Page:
8 foods you think are vegetarian, but aren't
If you're following a vegetarian diet, the last thing you want is to tuck into a food that has hidden animal products. Here are some of the unusual suspects
Interested in trying our FREE 7-day healthy diet plan? Click here and choose between our meat eaters, vegetarian or vegan meal plans.
Being vegetarian should be a relatively simple thing. However, there are foods out there that you might expect to be veggie-friendly, which contain sneaky animal products. Occasionally, to get the right texture or look, animal products are used where you least expect them. You might not even bother checking the labels of these foods if they're masquerading as something typically vegetarian-friendly. But never fear, normally there are vegetarian alternatives for every crafty non-veggie product.
Don't panic just yet! This isn't always the case but certain cheeses contain rennet (taken from calves' stomachs) to aid in coagulation. However there are plenty of veggie cheeses without this unwelcome addition. Check the labels in health food shops and supermarkets to be sure. Common offenders include Parmesan, Gorgonzola and Grana Padano, which if made using the traditional method must contain rennet.
In the mood for a veggie feast? Try our whole baked ricotta cheese with lentils and cherry tomatoes for an indulgent supper.
Or, for something spicier, try this paneer with broccoli and sesame.
Even creamy, chocolate mousse isn't safe from secret meat products. Most supermarket mousses contain gelatine to help the setting process. However, it's seriously easy to avoid this unexpected add-on, if the mousse is whipped thoroughly and chilled adequately in the fridge. Ingredients such as double cream and egg whites can create that moussey texture.
Bear Grylls' chocolate mousse has just a handful of ingredients and is veggie to boot.
Or, for a chocolate mousse perfect for a special occasion, try our Easter chocolate mousse cake.
Beer and wine
It's safe to say even the most avid meat eaters would question why animal products would need to be used in the booze making process. Unless specified as veggie, it's likely that animal products such as gelatin or fish bladders have been used to clarify wine and remove secondary yeast from beer. Don't despair! As with everything, there are readily available veggie beers and wines.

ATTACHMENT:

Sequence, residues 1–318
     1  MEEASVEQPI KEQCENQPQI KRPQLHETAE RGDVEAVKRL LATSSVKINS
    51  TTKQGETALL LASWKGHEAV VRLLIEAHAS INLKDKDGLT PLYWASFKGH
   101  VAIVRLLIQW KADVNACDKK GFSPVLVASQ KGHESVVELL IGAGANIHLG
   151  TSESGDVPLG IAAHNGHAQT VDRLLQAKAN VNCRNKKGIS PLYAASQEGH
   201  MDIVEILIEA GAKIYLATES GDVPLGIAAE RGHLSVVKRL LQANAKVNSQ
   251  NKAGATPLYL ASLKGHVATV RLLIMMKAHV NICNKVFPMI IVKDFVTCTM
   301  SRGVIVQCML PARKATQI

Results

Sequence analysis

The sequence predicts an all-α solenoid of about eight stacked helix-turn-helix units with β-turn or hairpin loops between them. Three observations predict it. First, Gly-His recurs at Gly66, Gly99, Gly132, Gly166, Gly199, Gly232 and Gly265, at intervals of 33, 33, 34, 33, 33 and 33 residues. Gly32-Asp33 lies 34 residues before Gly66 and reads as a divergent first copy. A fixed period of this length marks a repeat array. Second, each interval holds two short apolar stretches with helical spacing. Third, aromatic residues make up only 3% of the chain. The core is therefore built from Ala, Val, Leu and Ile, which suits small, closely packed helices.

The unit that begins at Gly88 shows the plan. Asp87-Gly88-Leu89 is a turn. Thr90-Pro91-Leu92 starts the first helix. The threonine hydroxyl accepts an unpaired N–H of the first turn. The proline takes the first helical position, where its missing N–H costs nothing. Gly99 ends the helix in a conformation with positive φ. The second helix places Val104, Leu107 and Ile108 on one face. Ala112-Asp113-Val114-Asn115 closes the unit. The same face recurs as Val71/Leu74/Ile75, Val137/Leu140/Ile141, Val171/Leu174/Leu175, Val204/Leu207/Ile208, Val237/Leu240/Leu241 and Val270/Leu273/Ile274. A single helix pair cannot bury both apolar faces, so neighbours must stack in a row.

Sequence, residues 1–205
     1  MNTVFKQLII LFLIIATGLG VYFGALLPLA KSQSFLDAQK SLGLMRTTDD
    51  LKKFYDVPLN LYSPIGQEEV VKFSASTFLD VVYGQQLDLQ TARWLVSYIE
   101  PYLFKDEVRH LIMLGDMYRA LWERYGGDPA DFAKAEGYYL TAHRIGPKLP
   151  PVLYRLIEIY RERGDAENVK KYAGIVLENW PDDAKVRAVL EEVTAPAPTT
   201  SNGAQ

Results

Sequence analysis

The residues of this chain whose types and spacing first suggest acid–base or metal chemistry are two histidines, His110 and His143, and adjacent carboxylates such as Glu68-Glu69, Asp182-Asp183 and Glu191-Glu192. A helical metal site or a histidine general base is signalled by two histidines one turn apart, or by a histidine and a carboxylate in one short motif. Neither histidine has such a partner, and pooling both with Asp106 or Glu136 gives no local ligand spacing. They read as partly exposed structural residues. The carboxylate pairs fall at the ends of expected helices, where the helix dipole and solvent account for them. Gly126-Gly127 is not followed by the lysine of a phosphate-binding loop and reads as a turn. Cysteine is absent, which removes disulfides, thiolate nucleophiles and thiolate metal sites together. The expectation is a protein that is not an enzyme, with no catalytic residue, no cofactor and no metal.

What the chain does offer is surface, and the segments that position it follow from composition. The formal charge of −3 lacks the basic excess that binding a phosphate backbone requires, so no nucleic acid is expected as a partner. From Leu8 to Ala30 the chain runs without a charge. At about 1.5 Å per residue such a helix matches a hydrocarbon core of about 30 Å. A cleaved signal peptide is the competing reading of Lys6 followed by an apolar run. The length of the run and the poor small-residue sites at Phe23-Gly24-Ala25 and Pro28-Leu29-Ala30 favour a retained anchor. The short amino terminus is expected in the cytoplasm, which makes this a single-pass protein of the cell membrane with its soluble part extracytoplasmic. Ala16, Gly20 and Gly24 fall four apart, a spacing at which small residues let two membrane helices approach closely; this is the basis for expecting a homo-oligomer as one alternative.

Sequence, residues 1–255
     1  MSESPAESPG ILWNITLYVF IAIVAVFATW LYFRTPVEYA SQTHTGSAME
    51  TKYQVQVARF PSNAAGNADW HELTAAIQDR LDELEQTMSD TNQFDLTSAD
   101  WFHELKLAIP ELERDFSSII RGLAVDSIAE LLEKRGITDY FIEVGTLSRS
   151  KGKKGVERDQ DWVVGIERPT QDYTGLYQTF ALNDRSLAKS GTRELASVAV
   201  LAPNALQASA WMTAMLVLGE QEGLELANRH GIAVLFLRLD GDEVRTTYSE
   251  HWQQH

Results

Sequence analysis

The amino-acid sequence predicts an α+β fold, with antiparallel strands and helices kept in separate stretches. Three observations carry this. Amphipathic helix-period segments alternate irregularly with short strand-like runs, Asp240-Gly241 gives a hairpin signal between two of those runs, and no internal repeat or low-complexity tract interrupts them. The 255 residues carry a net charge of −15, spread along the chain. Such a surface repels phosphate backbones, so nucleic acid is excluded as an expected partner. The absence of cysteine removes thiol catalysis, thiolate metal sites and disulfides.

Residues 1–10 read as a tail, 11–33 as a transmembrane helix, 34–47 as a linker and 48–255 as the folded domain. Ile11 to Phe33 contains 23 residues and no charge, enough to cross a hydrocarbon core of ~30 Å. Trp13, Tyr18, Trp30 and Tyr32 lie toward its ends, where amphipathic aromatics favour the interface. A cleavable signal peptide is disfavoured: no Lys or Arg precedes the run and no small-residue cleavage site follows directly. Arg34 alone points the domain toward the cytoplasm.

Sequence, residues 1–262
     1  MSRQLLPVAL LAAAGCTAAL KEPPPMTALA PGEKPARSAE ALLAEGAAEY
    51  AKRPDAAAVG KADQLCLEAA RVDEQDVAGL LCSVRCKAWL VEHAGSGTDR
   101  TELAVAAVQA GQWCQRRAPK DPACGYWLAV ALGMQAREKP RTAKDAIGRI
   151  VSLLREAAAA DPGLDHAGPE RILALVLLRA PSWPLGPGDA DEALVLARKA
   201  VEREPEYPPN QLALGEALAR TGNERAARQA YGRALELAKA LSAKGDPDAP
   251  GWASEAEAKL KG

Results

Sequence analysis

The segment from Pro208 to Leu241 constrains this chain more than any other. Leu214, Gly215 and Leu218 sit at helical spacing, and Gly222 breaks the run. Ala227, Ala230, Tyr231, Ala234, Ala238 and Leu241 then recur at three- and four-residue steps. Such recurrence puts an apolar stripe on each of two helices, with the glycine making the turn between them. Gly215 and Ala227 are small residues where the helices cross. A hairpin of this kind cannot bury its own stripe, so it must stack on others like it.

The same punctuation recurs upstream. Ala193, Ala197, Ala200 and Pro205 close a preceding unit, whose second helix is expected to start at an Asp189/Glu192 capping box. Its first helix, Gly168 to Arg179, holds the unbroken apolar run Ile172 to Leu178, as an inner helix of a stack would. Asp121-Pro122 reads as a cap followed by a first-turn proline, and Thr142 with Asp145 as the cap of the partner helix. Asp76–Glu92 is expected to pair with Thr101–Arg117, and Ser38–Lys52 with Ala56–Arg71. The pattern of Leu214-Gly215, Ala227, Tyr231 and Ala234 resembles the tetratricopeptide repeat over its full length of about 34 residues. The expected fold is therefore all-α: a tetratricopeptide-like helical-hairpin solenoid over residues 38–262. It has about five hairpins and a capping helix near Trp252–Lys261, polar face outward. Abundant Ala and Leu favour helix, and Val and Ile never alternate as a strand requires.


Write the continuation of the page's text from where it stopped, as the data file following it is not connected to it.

More like this
Wondering whether a glass of wine has any hidden health benefits? Take a look at our guide on wine and nutrition.
Put your skills to the test and learn how to match wine with food.
Omega-3 enriched products
Products which aren't naturally high in omega-3 but advertise themselves as being 'enriched with omega-3' are often not vegetarian, containing products derived from fish. Another buzz word is 'heart-healthy', which may also indicate the addition of fish-derived minerals.
Get your vegetarian sources of omega-3 from flaxseed, chia seed and walnuts. Our lemon roast vegetables with yogurt tahini and pomegranate are naturally full of omega-3.
Surprisingly, certain soft drinks can contain trace elements of gelatin, used as a stabiliser. Red soft drinks might also contain cochineal (derived from insects) as a colouring. It's not that prevalent but always worth checking.
If you want to skip the additives and make your own soft drinks, our recipes are all you need. This carrot lemonade is a simple veggie drink you can make in 10 minutes.
And our blackcurrant cordial recipe is full of flavour with no hidden ingredients.
If it doesn't specify it's veggie, it's likely to contain our old meaty friend, Parmesan. Most traditional pesto recipes and shop-bought jars won't be suitable for vegetarians. It's worth double-checking pizzas and pastas which contain a drizzle of pesto, just to be sure. It's often safer and simpler to whizz up your own sauce using a vegetarian Parmesan alternative.
There are a variety of greens you can substitute if you're bored of basil too, read our guide to 11 alternative pesto recipes.
You might expect crisps to be relatively safe, but it really is an ingredient jungle out there. Until recently, even the most meaty flavoured crisps were safe for veggies to eat. However, these days vegetarians have to contend with animal fat or meat extracts as part of the flavouring.
If you're craving crisps, you can make your own veggie version in a flash. Why not try our sweet potato crisps?
It's not just sweet potato that gets the crispy treatment, there's a whole variety of veg you can pig out on - check out our guide to 5 ways with vegetable crisps.
A lot of marshmallows contain gelatine to set them and give them that characteristic 'wobble'. It's always best to check packets when purchasing marshmallows as more often than not, they'll be non-vegetarian.
Got a craving for soft and fluffy marshmallow sweetness? Try making our chocolate marshmallow wheels and watch them disappear.
Or, try our delicious cookie base classic s'more with veggie mallows and hazelnut spread for an indulgent treat.
Like this? Try:
Is there anything we've missed? Let us know in the comments below.